India Tax Insights – eighth edition
Toward a more predictable Transfer Pricing environment
Vishal Rai, Partner, Tax & Regulatory Services, EY India
India has had significant number of Transfer Pricing (TP) controversies since the past decade given the subjective nature of the regulation and an aggressive implementation.
Since the Union Budget in August 2014, the Government has gone to great lengths to implement a series of reforms at both the policy and the implementation level to improve the ecosystem around TP regulation. These reforms have been aimed at providing more certainty, incorporating global best practices and showcasing India’s willingness to the world to be an open and “resolution”-oriented tax jurisdiction.
One of the key features of the new tax regime is the continued focus on the Advance Pricing Agreement (APA) program to make it more attractive to taxpayers. As a result, 103 APAs (including 4 bilateral APAs) have been closed in the three years of the program. APA rollback provisions1 have provided taxpayers with certainty for the four preceding years, greatly reducing the chances of protracted litigation.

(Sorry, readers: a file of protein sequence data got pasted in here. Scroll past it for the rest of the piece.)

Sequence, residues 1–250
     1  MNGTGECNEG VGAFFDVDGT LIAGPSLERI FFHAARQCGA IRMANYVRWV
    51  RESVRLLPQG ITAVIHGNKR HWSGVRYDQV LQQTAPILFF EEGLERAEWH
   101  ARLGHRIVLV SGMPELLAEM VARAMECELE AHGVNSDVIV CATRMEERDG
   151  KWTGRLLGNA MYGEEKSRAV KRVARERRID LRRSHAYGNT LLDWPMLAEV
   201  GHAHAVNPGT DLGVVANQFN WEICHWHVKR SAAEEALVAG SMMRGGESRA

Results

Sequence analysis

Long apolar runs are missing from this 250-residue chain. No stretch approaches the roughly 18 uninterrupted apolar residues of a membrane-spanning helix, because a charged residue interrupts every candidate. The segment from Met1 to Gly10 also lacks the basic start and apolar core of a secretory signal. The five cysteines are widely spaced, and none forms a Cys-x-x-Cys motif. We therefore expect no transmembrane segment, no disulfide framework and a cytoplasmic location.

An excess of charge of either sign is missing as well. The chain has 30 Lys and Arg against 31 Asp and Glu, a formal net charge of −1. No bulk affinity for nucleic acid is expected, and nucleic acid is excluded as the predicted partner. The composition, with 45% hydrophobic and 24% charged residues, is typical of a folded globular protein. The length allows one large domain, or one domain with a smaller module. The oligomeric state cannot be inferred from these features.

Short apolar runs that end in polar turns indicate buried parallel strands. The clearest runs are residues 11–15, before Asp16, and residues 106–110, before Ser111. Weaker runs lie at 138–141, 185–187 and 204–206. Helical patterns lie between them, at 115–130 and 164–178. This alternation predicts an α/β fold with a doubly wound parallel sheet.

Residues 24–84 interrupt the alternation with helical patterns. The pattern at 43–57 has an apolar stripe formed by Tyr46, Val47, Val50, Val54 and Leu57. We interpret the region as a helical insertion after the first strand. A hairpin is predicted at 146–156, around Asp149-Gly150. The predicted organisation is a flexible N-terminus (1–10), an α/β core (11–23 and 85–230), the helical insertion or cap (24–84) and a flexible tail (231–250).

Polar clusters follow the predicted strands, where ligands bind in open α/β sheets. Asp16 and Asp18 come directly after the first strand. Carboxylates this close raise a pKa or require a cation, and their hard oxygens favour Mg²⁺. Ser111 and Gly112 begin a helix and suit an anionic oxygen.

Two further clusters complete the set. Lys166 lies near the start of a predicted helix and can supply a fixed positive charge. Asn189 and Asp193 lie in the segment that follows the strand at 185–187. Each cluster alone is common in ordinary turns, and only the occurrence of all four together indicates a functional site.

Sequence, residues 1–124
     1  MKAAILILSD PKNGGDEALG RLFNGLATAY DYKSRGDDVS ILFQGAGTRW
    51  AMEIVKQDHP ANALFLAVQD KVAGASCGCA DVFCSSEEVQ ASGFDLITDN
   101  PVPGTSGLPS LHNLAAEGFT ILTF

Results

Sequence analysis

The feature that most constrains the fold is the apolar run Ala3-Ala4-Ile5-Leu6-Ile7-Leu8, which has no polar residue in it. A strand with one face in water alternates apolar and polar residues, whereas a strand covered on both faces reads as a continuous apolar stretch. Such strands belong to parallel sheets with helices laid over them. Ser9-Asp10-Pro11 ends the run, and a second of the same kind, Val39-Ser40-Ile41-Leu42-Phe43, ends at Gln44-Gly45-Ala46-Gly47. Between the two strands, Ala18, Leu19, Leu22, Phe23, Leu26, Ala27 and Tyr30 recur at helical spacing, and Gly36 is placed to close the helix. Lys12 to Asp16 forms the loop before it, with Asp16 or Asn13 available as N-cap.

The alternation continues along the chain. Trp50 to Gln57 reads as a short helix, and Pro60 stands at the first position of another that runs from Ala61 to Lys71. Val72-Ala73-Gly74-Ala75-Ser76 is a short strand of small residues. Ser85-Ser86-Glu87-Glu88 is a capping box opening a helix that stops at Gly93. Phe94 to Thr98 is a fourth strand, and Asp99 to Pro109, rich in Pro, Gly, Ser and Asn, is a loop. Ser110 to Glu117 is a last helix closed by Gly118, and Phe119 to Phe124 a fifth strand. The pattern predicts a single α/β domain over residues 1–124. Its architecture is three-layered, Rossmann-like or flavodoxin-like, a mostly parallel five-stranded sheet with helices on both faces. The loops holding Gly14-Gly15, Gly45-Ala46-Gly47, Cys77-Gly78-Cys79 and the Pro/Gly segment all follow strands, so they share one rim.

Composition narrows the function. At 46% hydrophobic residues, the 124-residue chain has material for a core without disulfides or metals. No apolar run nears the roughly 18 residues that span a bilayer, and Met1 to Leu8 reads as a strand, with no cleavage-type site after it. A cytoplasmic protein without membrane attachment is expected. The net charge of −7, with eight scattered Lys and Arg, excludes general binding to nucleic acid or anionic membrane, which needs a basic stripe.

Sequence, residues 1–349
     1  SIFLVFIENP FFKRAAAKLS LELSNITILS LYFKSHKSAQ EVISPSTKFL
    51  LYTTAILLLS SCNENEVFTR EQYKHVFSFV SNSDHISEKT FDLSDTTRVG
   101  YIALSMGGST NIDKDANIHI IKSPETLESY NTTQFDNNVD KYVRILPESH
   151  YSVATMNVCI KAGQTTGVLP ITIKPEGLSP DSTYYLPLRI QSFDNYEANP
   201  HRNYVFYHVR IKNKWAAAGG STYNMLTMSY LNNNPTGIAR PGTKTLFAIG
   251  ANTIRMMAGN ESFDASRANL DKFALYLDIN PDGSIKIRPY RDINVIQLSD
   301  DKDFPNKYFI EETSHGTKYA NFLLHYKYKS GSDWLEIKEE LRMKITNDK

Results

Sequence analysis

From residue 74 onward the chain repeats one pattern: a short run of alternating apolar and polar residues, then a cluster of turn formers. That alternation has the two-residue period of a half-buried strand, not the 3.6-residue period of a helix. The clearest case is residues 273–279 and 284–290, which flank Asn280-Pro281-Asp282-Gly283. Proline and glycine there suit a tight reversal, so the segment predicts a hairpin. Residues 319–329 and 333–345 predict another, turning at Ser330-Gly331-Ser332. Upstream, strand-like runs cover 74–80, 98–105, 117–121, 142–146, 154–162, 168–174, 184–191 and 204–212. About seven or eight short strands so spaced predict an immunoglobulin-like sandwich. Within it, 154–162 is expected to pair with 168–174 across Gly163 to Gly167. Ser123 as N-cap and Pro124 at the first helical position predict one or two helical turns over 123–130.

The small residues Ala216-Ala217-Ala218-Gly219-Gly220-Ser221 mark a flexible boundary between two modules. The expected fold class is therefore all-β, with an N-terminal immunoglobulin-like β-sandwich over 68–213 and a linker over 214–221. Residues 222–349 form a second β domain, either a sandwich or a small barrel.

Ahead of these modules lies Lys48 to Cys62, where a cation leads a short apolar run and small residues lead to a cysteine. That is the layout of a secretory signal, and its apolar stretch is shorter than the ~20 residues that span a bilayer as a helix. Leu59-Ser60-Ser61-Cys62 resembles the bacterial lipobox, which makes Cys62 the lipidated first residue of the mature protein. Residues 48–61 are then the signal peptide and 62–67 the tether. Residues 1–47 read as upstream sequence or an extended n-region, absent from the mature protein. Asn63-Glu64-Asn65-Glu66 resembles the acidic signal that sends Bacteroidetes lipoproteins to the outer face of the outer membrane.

However, there are two areas where further changes can be made. First, the rollback rules provide that in case of a merger/demerger, only the company that makes the APA application is entitled to claim rollback benefits (and not those that have merged into/demerged from the applicant). Given that the new entity after a merger continues to be responsible for taxes and assessments of the merging entity(s), the new entity should be allowed the opportunity to resolve its past open years by way of an APA rollback. Second, the Government can look to provide for a “fast track” APA — implying the closure of the APA in a time-bound manner (say a six-month period). With a fair amount of guidance2 related to Base Erosion and Profit Shifting (BEPS) released recently, investors are rightly concerned about how the Indian tax authorities would interpret it. As companies look to commit large investments in India, a fast track APA would help prospective investors make an informed investment decision with full TP certainty, compared to the current APA process, which typically takes a minimum of 18 months.